Astronomers Just Discovered the Most Ancient Solar System in Our Galaxy


At 4.5 billion years old, the solar system you know is practically a baby compared to what astronomers just discovered in the depths of space.

A group of international astronomers announced Tuesday they've discovered the oldest planetary system in the Milky Way. At the ripe old age of 11.2 billion years, the formation consists of an ancient star and five Earth-like planets that date back to the dawn of the galaxy.

The research, first published in Astrophysical Journal, proves to scientists that similarly sized rocky planets could and did form when the galaxy was in its infancy, and lends support to theories about ancient life in our universe. 

"It hints that old system planets are possible," said Sarbani Basu, an author of the paper per the Los Angeles Times. "And if those planets are in the habitable zone, then it is possible we could have old life too."

Old, indeed. Since the age of the entire universe is believed to be 13.8 billion years, this discovery is the oldest star with Earth-sized planets known to science. 

The planets in the newly-discovered system are slightly smaller than Earth, with the largest as big as Venus and the smallest one similar in size to Mercury. They orbit a star known as Kepler-444, which is about 75% as big as our sun and located 117 light years away from Earth. The five planets take 10 days to orbit the star.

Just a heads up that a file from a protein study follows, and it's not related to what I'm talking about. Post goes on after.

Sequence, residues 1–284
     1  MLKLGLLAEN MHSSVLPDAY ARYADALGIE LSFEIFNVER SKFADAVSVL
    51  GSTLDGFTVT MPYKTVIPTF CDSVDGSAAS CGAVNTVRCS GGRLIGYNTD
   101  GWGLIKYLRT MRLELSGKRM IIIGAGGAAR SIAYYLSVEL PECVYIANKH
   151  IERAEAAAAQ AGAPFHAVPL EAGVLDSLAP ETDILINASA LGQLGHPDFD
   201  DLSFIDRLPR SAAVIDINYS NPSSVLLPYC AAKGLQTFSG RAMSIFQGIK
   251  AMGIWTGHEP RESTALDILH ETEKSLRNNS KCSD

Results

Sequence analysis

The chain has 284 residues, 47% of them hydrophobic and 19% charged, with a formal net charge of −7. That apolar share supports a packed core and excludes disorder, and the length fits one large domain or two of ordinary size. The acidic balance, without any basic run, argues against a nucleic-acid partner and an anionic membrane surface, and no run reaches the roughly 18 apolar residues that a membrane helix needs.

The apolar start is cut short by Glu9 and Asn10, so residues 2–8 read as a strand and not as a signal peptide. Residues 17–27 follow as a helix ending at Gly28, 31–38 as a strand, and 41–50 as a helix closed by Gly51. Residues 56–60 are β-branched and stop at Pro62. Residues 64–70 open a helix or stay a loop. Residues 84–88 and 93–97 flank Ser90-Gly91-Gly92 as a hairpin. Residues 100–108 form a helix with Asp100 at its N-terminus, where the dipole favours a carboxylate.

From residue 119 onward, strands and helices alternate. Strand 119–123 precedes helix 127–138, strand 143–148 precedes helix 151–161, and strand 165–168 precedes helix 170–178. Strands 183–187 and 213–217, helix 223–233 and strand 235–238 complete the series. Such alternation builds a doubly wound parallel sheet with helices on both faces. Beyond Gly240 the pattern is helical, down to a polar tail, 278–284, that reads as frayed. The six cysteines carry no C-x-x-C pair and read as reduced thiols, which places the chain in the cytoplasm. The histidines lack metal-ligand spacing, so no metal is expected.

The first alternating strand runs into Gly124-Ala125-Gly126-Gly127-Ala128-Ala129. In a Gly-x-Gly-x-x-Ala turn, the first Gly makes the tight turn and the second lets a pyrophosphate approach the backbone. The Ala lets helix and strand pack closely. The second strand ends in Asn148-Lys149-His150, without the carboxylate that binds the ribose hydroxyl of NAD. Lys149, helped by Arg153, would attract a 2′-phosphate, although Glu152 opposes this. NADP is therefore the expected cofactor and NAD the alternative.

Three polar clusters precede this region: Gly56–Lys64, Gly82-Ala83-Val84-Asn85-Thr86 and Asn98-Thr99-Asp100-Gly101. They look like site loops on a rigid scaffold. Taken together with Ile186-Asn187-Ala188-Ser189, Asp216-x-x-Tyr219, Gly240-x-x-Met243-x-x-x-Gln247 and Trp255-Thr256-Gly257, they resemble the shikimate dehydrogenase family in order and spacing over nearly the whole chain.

The scientists sifted through more than four years of NASA spacecraft data to make the discovery. The multinational team included astronomers from the United States, Europe and Australia. 

Why it matters. Knowledge of other solar systems helps astronomers learn about more about what surrounds us. Steven Kawaler, an author on the paper, said it will also help them learn about the formation of the Milky Way.

"This is one of the oldest systems in the galaxy," Kawaler told the Iowa State University news service. "Kepler-444 came from the first generation of stars. This system tells us that planets were forming around stars nearly 7 billion years before our own solar system."

Daniel Huber, an Australian member of the team, noted in a statement how incredible this finding was.

"We've never seen anything like this — it is such an old star and the large number of small planets make it very special," Huber said. "It is extraordinary that such an ancient system of terrestrial-sized planets formed when the universe was just starting out, at a fifth its current age."

Now we only can wonder what else is out there.